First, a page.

Supporting information

S1 File.

Table A: Input used to build artificial neural network from Fievet et al., 2016. Table B: Comparision of RMSE and R-squared values during the leave-one-out crossvalidation between neuralnet, nnet and RSNNS algorithm. Table C: RMSE and R-squared for values between the activation functions logistics and tanh during leave-one-out cross validation for the neuralnet method. R-Scripts A: R-script used to obtained the Table 1. The different activation function and number of hidden units are selected using "act.fct = " and "hidden = ".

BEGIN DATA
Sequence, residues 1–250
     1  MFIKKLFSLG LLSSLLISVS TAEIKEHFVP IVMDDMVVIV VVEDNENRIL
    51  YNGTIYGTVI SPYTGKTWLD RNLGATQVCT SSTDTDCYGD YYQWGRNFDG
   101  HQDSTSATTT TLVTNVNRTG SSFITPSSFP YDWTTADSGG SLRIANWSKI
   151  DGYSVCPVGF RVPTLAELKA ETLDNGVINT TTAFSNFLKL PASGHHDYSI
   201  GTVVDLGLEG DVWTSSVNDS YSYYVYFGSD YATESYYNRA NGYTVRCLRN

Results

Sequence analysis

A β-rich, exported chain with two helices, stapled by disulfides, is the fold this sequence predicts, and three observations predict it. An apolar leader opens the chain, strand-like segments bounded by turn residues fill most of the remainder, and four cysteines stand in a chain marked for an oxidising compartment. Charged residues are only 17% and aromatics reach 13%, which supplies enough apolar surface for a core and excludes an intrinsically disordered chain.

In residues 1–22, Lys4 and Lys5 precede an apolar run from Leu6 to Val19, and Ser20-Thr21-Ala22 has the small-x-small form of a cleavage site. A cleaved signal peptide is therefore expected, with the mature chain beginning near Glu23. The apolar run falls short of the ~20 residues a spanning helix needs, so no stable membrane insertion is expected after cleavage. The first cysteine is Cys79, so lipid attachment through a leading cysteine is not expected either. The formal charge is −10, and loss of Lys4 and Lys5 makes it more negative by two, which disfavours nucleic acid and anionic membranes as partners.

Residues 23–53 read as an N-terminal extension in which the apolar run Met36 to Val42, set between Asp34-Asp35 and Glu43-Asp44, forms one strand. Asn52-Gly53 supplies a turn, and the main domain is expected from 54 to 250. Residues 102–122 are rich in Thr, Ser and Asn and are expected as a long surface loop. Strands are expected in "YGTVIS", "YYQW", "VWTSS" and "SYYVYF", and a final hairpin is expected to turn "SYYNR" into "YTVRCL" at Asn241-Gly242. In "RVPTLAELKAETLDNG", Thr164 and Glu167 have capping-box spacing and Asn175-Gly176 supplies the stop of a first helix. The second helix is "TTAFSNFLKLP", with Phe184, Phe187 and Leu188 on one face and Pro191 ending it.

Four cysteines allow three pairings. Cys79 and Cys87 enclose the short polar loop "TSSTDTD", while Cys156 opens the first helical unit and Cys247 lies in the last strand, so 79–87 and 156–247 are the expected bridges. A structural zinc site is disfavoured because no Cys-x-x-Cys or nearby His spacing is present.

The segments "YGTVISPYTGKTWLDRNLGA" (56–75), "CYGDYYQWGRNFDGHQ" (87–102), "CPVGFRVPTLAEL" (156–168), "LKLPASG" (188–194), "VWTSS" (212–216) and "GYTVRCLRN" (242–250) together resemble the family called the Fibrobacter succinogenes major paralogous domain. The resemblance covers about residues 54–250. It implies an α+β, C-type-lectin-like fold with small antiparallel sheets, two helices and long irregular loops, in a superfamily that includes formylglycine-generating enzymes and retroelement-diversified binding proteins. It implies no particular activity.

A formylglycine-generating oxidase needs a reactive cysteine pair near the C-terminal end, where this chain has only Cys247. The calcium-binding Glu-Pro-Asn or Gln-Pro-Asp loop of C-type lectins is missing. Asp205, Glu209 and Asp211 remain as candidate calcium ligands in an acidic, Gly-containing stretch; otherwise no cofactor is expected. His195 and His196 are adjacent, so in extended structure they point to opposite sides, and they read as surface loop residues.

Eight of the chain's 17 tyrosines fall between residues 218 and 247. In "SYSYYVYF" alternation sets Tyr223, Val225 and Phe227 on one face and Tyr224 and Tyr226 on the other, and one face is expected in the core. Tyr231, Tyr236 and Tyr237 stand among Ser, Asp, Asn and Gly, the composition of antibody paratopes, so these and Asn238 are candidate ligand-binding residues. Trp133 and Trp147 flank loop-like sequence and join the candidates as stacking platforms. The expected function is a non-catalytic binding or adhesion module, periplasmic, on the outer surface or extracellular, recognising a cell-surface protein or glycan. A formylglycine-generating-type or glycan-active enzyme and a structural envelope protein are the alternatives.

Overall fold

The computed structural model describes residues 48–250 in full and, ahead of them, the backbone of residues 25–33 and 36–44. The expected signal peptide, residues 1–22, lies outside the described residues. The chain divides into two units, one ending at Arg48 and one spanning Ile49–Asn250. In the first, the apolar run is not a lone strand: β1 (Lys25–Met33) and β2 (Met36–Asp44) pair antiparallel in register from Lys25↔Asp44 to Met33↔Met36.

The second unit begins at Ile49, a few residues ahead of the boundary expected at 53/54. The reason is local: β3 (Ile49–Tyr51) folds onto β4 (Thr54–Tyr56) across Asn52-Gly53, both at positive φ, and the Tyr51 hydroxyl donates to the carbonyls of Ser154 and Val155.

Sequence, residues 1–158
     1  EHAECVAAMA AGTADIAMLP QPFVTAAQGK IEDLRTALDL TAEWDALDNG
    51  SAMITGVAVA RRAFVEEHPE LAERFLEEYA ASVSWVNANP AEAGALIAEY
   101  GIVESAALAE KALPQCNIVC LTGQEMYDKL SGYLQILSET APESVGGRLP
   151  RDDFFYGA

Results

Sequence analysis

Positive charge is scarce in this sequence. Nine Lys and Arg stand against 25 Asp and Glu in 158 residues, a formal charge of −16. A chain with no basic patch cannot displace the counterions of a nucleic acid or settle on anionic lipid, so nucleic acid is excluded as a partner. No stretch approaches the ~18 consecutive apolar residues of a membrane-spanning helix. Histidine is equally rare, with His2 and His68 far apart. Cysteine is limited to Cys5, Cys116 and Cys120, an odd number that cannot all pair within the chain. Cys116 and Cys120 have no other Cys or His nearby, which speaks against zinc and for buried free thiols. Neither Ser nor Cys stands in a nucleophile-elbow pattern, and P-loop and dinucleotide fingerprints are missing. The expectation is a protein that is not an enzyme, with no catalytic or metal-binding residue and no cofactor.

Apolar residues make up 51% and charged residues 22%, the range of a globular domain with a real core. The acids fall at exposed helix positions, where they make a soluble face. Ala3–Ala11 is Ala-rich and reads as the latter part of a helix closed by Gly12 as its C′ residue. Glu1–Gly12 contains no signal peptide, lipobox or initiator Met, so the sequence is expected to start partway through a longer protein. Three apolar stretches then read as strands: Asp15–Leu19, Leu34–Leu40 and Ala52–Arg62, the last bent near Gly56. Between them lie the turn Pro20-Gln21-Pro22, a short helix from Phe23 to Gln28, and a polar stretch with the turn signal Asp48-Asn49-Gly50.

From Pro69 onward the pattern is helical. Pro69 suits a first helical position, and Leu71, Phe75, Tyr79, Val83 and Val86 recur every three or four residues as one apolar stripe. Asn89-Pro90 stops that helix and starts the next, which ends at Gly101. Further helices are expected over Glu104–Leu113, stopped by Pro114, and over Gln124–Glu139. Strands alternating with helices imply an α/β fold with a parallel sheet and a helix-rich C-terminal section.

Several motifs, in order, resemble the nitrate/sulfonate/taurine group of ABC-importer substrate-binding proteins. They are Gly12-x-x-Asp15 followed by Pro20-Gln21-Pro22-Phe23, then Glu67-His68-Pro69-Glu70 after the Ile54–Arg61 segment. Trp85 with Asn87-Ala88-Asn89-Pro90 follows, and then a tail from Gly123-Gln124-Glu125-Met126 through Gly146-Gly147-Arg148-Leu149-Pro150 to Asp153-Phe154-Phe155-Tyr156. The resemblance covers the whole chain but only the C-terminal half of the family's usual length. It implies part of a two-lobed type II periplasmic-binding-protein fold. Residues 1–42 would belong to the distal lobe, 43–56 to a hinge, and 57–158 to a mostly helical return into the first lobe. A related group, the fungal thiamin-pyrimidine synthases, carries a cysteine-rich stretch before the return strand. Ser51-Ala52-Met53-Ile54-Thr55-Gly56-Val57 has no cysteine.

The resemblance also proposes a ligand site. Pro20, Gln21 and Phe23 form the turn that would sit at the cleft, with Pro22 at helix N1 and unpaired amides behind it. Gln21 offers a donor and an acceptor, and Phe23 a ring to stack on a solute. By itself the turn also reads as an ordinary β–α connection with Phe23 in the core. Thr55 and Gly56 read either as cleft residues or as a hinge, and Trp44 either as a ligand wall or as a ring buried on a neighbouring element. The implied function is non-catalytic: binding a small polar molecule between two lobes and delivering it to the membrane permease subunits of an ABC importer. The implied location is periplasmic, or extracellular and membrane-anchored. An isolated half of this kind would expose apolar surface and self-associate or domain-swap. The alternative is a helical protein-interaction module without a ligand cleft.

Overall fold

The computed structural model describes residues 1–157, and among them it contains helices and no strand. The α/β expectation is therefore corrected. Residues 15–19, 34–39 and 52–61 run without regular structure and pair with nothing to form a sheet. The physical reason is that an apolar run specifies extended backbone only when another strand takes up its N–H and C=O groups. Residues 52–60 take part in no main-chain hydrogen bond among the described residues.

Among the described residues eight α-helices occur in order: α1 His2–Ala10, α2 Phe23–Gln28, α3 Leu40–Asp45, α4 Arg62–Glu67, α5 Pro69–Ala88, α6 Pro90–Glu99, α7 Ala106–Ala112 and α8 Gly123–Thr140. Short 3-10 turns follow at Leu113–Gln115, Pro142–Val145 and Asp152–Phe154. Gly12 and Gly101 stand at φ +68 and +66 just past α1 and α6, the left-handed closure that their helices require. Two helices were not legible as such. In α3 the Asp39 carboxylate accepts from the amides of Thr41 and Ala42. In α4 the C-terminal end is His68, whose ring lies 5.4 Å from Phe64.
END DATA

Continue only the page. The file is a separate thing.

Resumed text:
https://doi.org/10.1371/journal.pone.0216178.s001

(DOCX)

Acknowledgments

AAN is supported by a PhD grant from the Region Reunion and European Union (FEDER) under European operational program INTERRG V-2014-2020 file number 20161449, tiers 234273.